Humans share a lot with their horses — even disease. A handful of infections can be passed between the two species — some are easily treatable, some can be fatal. In most of these cases, humans contract disease from horses; it is possible but less likely for an infected human to pass disease to a horse.
Ringworm, rabies, methicillin-resistant staphylococcus aureus (MRSA), salmonella, and anthrax occur worldwide and are among the diseases that can impact both horses and humans. Hendra, a usually fatal disease spread by bats, is endemic to Australia. Glanders, which attacks the internal organs and mucous membranes, is a global threat, although the last recorded case in the United States was in 1937. Glanders was weaponized during World War I, and anthrax has been used as bioterrorism.
Ringworm, a fungal skin infection, probably is the most common disease passed between horses and humans. It is characterized by a circle of itchy, flaky, hairless skin. Highly contagious, ringworm is spread by contact with the lesions or by using infected tack. Horsemen working with an infected horse can contract ringworm.
Disinfection of the horse and its environment followed by application of antifungal ointment and systemic fungicide kill the fungus within six weeks.
Rabies is spread by contact with saliva from an infected animal or person. In horses, symptoms include a drastic change in temperament, head-pressing, circling, neurologic signs, loss of appetite, and choking. Horsemen are warned always to wear gloves when reaching into a horse's mouth because exposure to the saliva of a rabid horse, or saliva that comes in contact with an open wound, can spread rabies.
With the exception of a single survivor in the history of the disease, rabies is 100 percent fatal in unvaccinated humans and animals.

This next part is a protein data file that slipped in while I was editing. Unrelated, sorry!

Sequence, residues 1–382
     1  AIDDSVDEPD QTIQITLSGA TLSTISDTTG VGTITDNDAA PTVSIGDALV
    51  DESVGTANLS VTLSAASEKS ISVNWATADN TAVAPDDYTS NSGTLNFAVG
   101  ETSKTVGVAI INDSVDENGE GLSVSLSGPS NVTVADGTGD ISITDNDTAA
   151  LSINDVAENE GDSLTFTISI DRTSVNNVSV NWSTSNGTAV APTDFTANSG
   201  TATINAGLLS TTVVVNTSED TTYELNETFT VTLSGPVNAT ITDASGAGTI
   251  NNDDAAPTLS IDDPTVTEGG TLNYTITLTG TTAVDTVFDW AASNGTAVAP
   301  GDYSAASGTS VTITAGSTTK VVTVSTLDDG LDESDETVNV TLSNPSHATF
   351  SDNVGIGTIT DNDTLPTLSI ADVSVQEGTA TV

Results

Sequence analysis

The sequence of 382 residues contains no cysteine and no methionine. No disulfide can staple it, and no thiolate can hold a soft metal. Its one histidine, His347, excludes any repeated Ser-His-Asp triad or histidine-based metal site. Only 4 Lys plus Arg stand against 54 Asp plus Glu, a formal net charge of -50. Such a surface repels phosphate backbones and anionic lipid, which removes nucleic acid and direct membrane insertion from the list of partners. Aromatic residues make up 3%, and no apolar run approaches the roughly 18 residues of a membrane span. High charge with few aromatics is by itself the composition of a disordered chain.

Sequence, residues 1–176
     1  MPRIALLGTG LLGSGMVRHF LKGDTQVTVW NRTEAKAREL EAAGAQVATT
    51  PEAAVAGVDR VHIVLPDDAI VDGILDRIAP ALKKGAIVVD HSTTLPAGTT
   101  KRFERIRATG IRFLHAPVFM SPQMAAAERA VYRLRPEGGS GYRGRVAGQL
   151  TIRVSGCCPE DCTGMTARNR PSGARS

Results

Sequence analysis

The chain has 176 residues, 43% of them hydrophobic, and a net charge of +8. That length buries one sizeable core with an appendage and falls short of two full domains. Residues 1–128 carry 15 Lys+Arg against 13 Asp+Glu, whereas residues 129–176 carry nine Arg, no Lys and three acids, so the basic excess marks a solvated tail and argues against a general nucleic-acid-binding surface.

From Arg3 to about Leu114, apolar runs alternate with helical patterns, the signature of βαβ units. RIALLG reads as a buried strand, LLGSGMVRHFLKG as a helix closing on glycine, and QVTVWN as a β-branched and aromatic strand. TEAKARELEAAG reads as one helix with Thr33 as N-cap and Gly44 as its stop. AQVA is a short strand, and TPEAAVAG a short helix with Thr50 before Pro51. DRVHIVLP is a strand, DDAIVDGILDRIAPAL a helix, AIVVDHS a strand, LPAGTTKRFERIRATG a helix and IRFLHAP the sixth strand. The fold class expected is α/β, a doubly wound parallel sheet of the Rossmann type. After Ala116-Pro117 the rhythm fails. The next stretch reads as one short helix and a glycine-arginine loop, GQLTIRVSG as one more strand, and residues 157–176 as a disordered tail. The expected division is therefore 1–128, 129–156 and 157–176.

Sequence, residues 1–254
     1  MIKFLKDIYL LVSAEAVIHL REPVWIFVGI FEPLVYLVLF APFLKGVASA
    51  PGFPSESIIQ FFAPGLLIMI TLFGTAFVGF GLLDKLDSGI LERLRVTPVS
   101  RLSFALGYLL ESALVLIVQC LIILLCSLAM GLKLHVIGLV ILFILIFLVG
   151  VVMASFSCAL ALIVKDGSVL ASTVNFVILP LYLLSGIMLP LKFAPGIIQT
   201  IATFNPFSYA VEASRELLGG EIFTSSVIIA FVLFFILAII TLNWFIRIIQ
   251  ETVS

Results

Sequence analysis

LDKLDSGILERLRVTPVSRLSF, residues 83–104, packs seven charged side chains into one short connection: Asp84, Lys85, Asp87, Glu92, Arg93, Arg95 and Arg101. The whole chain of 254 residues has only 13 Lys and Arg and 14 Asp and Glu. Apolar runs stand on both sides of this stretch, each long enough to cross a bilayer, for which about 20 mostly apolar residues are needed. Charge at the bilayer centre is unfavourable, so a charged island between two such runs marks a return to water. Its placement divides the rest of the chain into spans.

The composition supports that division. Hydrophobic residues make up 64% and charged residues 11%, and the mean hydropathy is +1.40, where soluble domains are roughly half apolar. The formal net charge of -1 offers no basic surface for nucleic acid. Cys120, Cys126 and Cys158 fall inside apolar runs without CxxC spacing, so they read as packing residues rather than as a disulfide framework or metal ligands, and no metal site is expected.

MRSA is a so-called superbug because of its resistance to most antibiotics. In humans, the disease is widespread throughout the world, with nearly every hospital screening incoming patients for MRSA to curtail its spread. Contact with the skin of a person or animal infected with MRSA or an object contaminated with MRSA is enough to spread the disease.
A 2011 study by researchers at Hollins University in Virginia and the Minnesota Racing Commission found approximately one-third of grooms, trainers, and veterinary personnel at the racetrack are infected with MRSA. They cited lack of barn cleanliness, poor hygiene, and overuse of antibiotics as factors in its spread.
Dr. Scott Weese, assistant professor of clinical studies at Ontario Veterinary College, believes MRSA in humans originally jumped species to infect horses. About 5 percent of healthy horses in the U.S. have MRSA in their nostrils.
Evidence of MRSA infection begins with skin lesions resembling spider bites. The infection may invade the bloodstream and progress to deeper tissues, bones, joints, heart, and lungs, where it can become life-threatening. Treatment is by the limited number of drugs to which MRSA remains sensitive.
Cryptosporidium, giardiasis, and salmonella can cause intestinal distress in horses and humans. When an infected horse defecates, the pathogen in its diarrhea can spread the disease across its surroundings. Horses and other animals, as well as humans, can become infected if they accidentally ingest the pathogen. Horses could eat contaminated hay or bedding; animals could lick a contaminated surface; and humans could become infected by touching their mouths with hands that came into contact with a contaminated surface, including the horse itself.
A 2011 Italian study found an association between foal-heat diarrhea and Cryptosporidium parvum. Ten out of a dozen foals in the study that developed foal-heat diarrhea were positive for the parasite. The researchers warned caretakers of foals with diarrhea to be vigilant about biosecurity, especially disinfecting hands often, when handling them.